Vaccine rollouts will begin in a month after the Pfizer COVID-19 vaccine was provisionally approved for use in Australia by the Therapeutic Goods Administration (TGA) today.
The rollout – originally scheduled to begin in mid-February before being pushed back until the end of the month – will first be administered to frontline workers, aged care staff and residents, and quarantine and border workers. The first phase will cover up to 1.4 million people.
The vaccine will be rolled out in five phases and will involve more than 1,000 vaccination administration sites. Around 30 to 50 hospitals will administer the vaccine initially.
In Canberra, the vaccine will initially be administered at major public hospitals by Canberra Health Services due to its special storage and handling requirements.
An ACT Health spokesperson said exact sites were still being determined in consultation with the Commonwealth Government, but that the Garran Surge Centre remained a possible option.
“This is a welcome and important development as we continue to take steps to manage the virus,” the spokesperson said.
“The ACT Government continues to work with the Commonwealth on what the COVID-19 vaccine implementation program will look like here in the ACT.
“We will continue to keep Canberrans updated as we learn more.”
Two doses of the vaccine will be required and the two jabs must take place at least three weeks apart.
Chief Medical Officer Professor Paul Kelly has indicated that while the Pfizer vaccine will be distributed first, quantities are limited as it is not manufactured in Australia. In contrast, the AstraZeneca vaccine, which is easier to store and transport, is being manufactured by CSL in Melbourne.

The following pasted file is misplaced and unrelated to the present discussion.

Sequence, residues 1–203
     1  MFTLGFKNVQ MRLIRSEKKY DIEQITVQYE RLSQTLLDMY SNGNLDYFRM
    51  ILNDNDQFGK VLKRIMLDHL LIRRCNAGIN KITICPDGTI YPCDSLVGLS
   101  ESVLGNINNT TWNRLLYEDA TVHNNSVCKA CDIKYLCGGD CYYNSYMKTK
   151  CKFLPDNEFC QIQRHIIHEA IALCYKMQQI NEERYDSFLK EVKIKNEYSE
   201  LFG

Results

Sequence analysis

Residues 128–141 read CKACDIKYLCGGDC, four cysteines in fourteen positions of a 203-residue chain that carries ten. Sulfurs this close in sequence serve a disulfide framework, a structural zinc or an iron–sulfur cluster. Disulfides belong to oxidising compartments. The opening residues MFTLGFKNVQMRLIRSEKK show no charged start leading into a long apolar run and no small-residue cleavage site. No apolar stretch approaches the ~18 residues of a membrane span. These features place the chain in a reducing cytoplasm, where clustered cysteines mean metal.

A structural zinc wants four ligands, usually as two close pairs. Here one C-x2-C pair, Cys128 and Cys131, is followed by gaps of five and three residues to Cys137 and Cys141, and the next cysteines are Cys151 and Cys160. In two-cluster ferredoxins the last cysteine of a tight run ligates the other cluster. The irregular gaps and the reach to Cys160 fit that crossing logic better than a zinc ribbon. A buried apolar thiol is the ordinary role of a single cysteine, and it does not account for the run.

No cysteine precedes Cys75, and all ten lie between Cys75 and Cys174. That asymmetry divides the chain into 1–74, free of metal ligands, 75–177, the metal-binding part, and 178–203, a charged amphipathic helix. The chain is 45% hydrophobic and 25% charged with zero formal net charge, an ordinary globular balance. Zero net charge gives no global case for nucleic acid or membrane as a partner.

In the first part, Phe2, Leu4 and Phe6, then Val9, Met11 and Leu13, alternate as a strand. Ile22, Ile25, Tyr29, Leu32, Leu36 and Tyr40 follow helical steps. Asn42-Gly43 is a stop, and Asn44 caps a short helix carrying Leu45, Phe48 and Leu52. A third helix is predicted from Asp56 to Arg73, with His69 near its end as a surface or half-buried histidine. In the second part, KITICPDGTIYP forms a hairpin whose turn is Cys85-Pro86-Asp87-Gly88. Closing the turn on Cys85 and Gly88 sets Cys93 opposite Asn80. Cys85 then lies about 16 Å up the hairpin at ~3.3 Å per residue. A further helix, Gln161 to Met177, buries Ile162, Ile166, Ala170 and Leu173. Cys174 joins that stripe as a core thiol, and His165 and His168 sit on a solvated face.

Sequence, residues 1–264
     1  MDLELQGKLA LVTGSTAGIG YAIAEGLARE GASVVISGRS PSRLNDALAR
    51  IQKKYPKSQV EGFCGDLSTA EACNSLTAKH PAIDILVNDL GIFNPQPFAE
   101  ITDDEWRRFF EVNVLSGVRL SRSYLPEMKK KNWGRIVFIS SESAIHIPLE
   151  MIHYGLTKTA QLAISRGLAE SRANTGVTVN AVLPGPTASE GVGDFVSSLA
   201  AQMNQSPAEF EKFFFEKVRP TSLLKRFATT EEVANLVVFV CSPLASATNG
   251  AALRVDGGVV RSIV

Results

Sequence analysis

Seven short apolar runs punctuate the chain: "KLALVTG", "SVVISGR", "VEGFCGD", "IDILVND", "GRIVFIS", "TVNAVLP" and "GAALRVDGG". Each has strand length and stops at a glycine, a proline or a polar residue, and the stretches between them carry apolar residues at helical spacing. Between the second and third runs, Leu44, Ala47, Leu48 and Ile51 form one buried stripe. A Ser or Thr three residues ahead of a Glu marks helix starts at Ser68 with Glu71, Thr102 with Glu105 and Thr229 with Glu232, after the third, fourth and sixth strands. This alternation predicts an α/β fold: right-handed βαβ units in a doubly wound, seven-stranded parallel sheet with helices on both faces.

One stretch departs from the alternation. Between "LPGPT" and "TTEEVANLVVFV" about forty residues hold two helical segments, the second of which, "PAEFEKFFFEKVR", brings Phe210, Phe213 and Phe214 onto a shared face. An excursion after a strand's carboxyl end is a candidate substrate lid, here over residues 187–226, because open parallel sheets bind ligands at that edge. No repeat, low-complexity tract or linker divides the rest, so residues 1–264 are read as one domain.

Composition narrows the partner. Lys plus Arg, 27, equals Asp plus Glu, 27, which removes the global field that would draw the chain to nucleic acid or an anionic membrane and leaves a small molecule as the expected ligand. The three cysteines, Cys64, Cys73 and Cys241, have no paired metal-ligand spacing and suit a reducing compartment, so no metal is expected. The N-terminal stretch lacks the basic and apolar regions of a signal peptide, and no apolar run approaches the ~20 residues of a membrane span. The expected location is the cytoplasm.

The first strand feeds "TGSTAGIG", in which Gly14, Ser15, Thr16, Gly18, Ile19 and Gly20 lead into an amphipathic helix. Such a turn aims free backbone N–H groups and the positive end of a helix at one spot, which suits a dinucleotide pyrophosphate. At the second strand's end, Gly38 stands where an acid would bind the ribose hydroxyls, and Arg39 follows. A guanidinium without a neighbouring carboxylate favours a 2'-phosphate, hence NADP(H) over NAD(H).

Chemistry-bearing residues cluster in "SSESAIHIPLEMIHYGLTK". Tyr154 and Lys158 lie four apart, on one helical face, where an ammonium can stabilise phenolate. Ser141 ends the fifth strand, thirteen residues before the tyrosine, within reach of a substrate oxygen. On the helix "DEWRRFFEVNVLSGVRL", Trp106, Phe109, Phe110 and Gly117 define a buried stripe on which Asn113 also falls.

There is also a possibility that the vaccine delivery from Pfizer could be delayed, pushing its administration back into March, but “guidance remains for late February”, the Commonwealth Government said.
More information will be made available for Canberrans as it comes to light, ACT Health said.
“We will communicate openly and in a timely way about the vaccine rollout, so Canberrans will know when they can get the vaccine, how to get it and what to do when the time comes,” the spokesperson said.
“The ACT is looking forward to … running a safe and efficient vaccination program in partnership with the Commonwealth Government.”
The TGA is continuing to work on the regulatory review for potential approval of other vaccines, notably the AstraZeneca and Novavax vaccines, TGA head Adjunct Professor John Skerritt said.
Information on the COVID-19 vaccine is available from ACT Health.